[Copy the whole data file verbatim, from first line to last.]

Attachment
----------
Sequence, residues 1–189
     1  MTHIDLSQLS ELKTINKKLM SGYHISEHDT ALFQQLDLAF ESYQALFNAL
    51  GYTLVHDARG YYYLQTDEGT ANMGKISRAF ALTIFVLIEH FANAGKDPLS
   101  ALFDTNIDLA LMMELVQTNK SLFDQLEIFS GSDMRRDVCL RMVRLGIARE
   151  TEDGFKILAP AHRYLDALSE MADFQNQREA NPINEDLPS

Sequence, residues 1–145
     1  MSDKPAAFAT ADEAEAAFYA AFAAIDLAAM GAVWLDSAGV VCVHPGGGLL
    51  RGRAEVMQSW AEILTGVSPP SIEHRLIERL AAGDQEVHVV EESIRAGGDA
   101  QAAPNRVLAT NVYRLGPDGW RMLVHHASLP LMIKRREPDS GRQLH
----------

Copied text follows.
Sequence, residues 1–189
     1  MTHIDLSQLS ELKTINKKLM SGYHISEHDT ALFQQLDLAF ESYQALFNAL
    51  GYTLVHDARG YYYLQTDEGT ANMGKISRAF ALTIFVLIEH FANAGKDPLS
   101  ALFDTNIDLA LMMELVQTNK SLFDQLEIFS GSDMRRDVCL RMVRLGIARE
   151  TEDGFKILAP AHRYLDALSE MADFQNQREA NPINEDLPS

Sequence, residues 1–145
     1  MSDKPAAFAT ADEAEAAFYA AFAAIDLAAM GAVWLDSAGV VCVHPGGGLL
    51  RGRAEVMQSW AEILTGVSPP SIEHRLIERL AAGDQEVHVV EESIRAGGDA
   101  QAAPNRVLAT NVYRLGPDGW RMLVHHASLP LMIKRREPDS GRQLH